Thursday, April 28, 2011

What is science?

Kuhn and Lakatos

    Kuhn’s account of paradigm shifts describes anomalies and inconsistencies as their root.  This argument suggests a single model for change.  Whether or not Kuhn believes this to truly be the only model would definitely color my ability to believe in his logic.  His definitions, I find also, are too restrictive. 
    He further explains that, as demonstrated by astronomy, the holes in a theory serve as a latching point for a new theory, without which it is unlikely for a new theory to hold.  Retooling is an expensive process (intellectually and otherwise).  Not just any theory would be considered for study.  Something must be the catalyst for change.
Another way to state this is that “crises are a necessary precondition for the emergence of novel theories” (pg. 77).    This is a very logical way to think about these changes.      However, when he writes “To reject one paradigm without simultaneously substituting another is to reject science itself” (pg. 79), I cannot agree with him and neither can Lakatos.  Suggesting that you work within one paradigm until you create a new one once again calls to the no-interregnum argument against Kuhn’s formation.  And while he does admit to a possible period of confusion, he does not call this science. 
    Lakatos, on the other hand, counters this by first introducing a concept from Popper that “all theories are not only equally unprovable but also equally improbable” (pg. 95).  Dogmatic falsificationism assumes a “psychological borderline” between theory and factual prepositions.  Once again, psychology comes into the realm of discourse because science can never be a “pure” exercise free from human foibles and intentions.   “There is no natural (i.e. psychological) demarcation between observational  and theoretical prepositions” (pg. 113).  He instead changes a paradigm from solid to “background knowledge.”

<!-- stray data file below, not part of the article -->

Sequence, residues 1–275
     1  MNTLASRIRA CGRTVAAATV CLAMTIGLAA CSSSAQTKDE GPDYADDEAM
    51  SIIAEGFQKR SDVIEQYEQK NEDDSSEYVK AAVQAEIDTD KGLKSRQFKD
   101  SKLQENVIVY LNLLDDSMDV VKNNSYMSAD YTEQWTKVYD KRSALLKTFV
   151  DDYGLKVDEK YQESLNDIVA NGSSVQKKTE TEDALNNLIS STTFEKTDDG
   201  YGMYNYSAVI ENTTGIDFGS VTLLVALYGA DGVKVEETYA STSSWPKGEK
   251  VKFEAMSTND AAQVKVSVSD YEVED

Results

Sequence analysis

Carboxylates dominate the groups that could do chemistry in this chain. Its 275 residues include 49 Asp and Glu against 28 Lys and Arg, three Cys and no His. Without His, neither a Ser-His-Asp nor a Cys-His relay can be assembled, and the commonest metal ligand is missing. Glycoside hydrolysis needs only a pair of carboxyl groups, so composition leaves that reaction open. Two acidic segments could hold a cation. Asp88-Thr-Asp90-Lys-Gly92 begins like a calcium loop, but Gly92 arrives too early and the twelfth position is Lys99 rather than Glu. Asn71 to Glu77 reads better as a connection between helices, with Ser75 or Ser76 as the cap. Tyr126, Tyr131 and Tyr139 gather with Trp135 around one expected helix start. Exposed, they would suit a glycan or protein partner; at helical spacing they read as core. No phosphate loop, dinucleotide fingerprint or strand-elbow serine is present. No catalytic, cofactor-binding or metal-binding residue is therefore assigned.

One interesting side note comes from a footnote which states that some might see “methodological falsificationism as an existentialist philosophy of science” (pg, 113, footnote 2).  Adding sophistication to methodological falsificationism involves distinguishing between interpretive theory and explanatory theory (pg. 129).  Lakatos then replaces the notion of a single theory as being scientific with the necessity for a succession of theories to be scientific.  I think that this is a better representation.  Taking Kuhn’s view of science-no science-science to explain periods of confusion does not account for the intricacies of science and for the entire process. 
    Lakatos uses the word “metaphysics” which represents an interesting focus for discussion, which in this case describes methodological rules as being “....motivated by the metaphysical principle that any explanation is only approximate because of the infinite complexity of the factors involved in determining any single event.”

So two questions we could ask are:  To what extent does seeing methodological falsificationism as an existentialist philosophy of science affect the researcher?  Does seeing science in a succession of theories make more sense than claiming individual theories as scientific?

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